WO2007094980A2 (en) 2006-02-10 2007-08-23 Ecolab Inc. Lubricant for conveying containers
EP1840196A1 (en) 2006-03-31 2007-10-03 CHEM-Y GmbH Lubricant composition
US20070298981A1 (en) 2006-06-23 2007-12-27 Ecolab Inc. Aqueous compositions useful in filling and conveying of beverage bottles wherein the compositions comprise hardness ions and have improved compatibility with pet
DE102006038311A1 (en) 2006-08-15 2008-02-21 Cognis Ip Management Gmbh Lecithin emulsions conveyor lubricant
WO2008032284A2 (en) 2006-09-13 2008-03-20 Ecolab Inc. Conveyor lubricants including emulsion of a lipophilic compound and an emulsifier and/or an anionic surfactant and methods employing them
EP1932901A1 (en) 2006-12-12 2008-06-18 JohnsonDiversey, Inc. A method of lubricating a conveyor belt
EP1334914B1 (en) 1999-08-16 2008-10-15 Ecolab Inc. Lubricated container with a silicone containing lubricating composition
US7462584B2 (en) 2001-02-15 2008-12-09 Ecolab Inc. Lubricant concentrate based on alcohols
US7524797B1 (en) 2004-07-29 2009-04-28 Texas Research International, Inc. Low volatile organic content lubricant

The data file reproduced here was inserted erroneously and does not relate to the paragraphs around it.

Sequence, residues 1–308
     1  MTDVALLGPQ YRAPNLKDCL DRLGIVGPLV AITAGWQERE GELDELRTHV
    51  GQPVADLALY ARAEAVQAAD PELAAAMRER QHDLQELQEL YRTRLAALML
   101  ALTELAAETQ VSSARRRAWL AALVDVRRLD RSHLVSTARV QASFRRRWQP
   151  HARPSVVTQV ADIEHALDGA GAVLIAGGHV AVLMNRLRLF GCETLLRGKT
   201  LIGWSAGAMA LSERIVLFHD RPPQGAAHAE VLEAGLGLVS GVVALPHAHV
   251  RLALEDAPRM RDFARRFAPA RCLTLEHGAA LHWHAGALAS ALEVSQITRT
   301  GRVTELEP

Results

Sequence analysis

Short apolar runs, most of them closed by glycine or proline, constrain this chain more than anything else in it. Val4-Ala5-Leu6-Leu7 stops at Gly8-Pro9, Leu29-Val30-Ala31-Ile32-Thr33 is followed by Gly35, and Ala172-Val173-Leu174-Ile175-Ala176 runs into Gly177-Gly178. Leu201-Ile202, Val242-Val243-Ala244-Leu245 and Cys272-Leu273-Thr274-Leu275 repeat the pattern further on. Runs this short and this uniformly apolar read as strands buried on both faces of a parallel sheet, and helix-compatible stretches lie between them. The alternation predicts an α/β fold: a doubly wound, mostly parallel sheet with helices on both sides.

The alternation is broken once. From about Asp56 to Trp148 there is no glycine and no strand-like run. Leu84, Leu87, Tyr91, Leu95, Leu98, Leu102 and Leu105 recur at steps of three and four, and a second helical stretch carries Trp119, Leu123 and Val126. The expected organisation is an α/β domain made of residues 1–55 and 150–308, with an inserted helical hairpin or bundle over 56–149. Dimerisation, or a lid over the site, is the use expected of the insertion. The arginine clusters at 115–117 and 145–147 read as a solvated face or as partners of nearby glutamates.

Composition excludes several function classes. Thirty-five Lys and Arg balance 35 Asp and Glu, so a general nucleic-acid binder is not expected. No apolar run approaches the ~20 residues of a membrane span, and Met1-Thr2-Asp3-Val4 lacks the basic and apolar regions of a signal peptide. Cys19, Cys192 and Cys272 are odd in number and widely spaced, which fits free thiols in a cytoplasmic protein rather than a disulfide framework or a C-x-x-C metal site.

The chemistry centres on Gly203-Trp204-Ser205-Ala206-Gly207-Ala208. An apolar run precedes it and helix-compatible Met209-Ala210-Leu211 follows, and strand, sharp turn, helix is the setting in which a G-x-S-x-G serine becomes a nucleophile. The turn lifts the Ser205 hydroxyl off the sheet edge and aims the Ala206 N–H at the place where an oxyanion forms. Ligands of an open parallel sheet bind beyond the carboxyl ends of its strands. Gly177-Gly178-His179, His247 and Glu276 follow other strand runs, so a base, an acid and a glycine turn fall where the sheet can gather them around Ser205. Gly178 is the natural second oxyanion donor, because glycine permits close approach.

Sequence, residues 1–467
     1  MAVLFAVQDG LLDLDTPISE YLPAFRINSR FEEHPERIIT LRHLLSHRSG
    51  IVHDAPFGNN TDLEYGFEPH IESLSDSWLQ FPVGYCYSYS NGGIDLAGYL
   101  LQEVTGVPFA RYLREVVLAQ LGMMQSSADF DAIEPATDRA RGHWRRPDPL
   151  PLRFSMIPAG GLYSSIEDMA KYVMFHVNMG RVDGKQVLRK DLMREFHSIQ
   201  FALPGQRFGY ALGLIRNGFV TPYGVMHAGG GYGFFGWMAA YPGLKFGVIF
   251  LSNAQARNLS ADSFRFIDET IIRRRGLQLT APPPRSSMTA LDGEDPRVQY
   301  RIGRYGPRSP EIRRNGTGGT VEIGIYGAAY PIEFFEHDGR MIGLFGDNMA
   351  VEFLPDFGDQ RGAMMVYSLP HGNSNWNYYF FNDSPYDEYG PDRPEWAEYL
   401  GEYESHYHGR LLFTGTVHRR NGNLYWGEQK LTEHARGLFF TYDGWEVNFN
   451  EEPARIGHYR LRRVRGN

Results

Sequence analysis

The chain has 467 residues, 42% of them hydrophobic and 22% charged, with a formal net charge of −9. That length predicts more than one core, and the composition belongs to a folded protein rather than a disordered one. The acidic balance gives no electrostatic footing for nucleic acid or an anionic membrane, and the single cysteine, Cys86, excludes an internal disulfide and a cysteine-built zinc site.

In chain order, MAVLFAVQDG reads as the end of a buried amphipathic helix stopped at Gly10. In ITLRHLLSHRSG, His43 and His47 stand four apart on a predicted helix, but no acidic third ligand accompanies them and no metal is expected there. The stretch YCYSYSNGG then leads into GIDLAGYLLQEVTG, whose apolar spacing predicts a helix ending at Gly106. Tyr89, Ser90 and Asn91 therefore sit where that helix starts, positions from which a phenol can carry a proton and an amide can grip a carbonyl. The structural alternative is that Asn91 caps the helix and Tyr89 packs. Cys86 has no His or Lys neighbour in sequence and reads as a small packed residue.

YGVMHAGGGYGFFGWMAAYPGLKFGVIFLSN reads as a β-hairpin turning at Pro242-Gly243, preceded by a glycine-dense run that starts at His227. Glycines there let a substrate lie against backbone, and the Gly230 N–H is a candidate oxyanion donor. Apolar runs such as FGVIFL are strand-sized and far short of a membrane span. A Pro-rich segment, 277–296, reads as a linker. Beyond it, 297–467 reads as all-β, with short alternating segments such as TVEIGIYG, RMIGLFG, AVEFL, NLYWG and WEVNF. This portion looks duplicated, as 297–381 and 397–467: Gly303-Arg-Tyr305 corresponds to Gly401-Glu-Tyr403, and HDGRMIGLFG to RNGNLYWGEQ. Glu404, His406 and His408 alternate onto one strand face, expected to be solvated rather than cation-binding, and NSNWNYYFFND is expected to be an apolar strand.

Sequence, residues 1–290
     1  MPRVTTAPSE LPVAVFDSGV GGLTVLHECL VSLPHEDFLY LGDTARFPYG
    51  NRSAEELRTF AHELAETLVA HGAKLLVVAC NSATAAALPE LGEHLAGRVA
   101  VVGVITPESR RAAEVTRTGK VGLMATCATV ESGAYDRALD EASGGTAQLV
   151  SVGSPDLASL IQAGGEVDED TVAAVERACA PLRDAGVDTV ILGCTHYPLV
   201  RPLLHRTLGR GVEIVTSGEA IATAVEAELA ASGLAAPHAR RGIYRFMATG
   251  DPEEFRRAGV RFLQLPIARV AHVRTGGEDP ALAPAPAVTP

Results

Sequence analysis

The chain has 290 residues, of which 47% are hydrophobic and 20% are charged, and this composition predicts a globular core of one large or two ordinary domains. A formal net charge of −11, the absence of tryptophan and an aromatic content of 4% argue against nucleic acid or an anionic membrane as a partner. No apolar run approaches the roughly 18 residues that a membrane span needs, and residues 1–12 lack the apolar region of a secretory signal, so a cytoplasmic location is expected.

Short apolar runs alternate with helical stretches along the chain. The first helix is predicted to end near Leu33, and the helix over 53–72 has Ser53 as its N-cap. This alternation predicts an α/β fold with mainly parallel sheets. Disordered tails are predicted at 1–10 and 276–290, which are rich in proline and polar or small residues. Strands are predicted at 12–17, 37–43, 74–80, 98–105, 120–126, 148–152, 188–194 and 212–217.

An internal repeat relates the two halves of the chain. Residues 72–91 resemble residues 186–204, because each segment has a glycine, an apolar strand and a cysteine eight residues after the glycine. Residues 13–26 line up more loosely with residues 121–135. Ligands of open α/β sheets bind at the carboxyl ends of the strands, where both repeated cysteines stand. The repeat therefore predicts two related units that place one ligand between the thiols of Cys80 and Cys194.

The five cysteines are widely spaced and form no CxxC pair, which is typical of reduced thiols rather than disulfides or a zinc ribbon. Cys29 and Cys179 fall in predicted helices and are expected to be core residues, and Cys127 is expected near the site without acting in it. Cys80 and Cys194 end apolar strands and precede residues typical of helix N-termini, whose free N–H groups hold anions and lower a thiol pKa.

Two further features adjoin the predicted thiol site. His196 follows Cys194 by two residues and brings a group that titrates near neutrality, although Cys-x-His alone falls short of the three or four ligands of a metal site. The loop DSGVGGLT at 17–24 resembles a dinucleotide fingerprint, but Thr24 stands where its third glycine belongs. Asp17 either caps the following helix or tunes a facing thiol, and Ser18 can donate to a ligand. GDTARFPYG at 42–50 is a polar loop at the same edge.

US20090192061A1 (en) 2008-01-24 2009-07-30 Boegner Philip J Olefin copolymer dispersant vi improver and lubricant compositions and uses thereof
EP2105493A1 (en) 2008-03-25 2009-09-30 Johnson Diversey, Inc. Dry lubrication method employing oil-based lubricants
EP2105494A1 (en) 2008-03-25 2009-09-30 Johnson Diversey, Inc. A method of lubricating a conveyor belt
US20090253598A1 (en) 2004-12-27 2009-10-08 Holger Theyssen Method of lubricating a conveyor system
US7651984B2 (en) 2001-06-29 2010-01-26 The Lubrizol Corporation Lubricant from water in oil emulsion with suspended solid base
US7741257B2 (en) 2005-03-15 2010-06-22 Ecolab Inc. Dry lubricant for conveying containers
US20110269653A1 (en) * 2008-11-07 2011-11-03 Udo Praeckel Lubricant for water-reduced belt lubrication
US20120073907A1 (en) 2010-09-24 2012-03-29 Ecolab Usa Inc. Conveyor lubricants including emulsions and methods employing them
JP6136377B2 (en) 2013-03-05 2017-05-31 セイコーエプソン株式会社 Printing method, and a printing device

Family Cites Families (2)

* Cited by examiner, † Cited by third party
Publication number Priority date Publication date Assignee Title